The Aging Process
Sunday, May 13, 2007
It is mid-April, in a restaurant in SoHo. The father is enveloped in the currents of memory, the son fortified by the illusion of invincibility afforded by youth, money and a sinewy frame. They are 18 years apart, but in this instant both are beautiful, simultaneously in their primes.
"If you ran to my side," Shawn Springs says, "I'd take you on, pick you up and throw you aside, just like a rag doll."
The father laughs the laugh teenagers use to put the neighborhood sprouts in their place.
"You keep on thinking that," Ron Springs says, proud of the holes his 6-foot-2, 220-pound frame opened for Tony Dorsett during his own glory years of the 1970s and '80s. "There are guys who played in the NFL who never walked straight again after I ran into them."
Each dart exudes the can't-lose bravado of the professional athlete, but age stalks Shawn Springs. It nags at him professionally. Despite verbal assurances to the contrary from his bosses, Springs, 32, has spent the offseason uncertain whether the Washington Redskins still consider him an elite player, or if Coach Joe Gibbs believes time has claimed another victim and the team will move on without him. The result is a passive-aggressive dance between Springs and the Redskins that, to the consternation of Gibbs, saw him not appear for the first week of the team's voluntary workouts.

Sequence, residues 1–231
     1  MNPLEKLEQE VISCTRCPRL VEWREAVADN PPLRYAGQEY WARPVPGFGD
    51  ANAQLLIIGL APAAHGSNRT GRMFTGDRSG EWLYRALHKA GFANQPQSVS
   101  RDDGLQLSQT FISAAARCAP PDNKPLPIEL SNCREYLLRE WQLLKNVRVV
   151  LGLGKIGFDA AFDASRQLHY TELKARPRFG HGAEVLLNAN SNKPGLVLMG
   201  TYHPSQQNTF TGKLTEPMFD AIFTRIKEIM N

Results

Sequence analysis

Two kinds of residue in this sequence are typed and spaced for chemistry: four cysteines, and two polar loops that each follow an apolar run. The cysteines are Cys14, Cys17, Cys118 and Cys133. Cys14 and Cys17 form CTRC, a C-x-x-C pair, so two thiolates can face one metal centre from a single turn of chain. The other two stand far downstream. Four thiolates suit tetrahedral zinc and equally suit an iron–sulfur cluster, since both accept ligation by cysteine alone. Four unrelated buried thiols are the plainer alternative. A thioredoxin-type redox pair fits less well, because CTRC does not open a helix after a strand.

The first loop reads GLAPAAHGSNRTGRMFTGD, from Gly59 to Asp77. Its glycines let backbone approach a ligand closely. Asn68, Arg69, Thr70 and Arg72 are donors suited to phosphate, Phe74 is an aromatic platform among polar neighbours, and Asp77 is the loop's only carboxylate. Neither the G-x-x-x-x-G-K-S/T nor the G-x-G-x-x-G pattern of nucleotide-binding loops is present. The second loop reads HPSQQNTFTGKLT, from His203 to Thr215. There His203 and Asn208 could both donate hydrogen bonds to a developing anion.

On the one hand, Springs has been bolstered by the Redskins' offseason moves. When the team drafted safety LaRon Landry with the sixth pick in the NFL draft, Springs sent out a cryptic text message to friends that read "3-5-9-6." The numbers denoted the draft order of the projected starting secondary: Springs was selected by the Seattle Seahawks with the third pick in 1997, Sean Taylor by the Redskins with the fifth in 2004, Carlos Rogers by the Redskins with the ninth in 2005 and now Landry.
"LaRon's going to be a good player," Springs said on draft day. "That's a hell of a move."
Yet despite feeling better about the Redskins now than he has in months, Springs says he will not arrive at Redskins Park until the first week of June.
And through the lens of his father, age talks to him personally. "Once you turn 32, they'll think you're finished. They treat you like a machine," Ron Springs said. "The way these guys train, they can play a long time, but the old mind-set remains. When you get hurt and they're paying you a lot of money, they don't like that. They depreciate you the way they do a machine."
At the Mercer Kitchen in SoHo, surrounded by the sleek and the swanky, Springs sits to the left of his father, who is only 50 years old but ravaged by diabetes. The talk may be big, but mortality is a concept very real to the Springs family. During lunch, Shawn Springs cares gently for his father, whose hands are curled into fists that cannot uncurl because of muscle fibrosis. Ron Springs drinks a glass of iced tea by balancing his glass between his forearm and chest, sipping through a straw.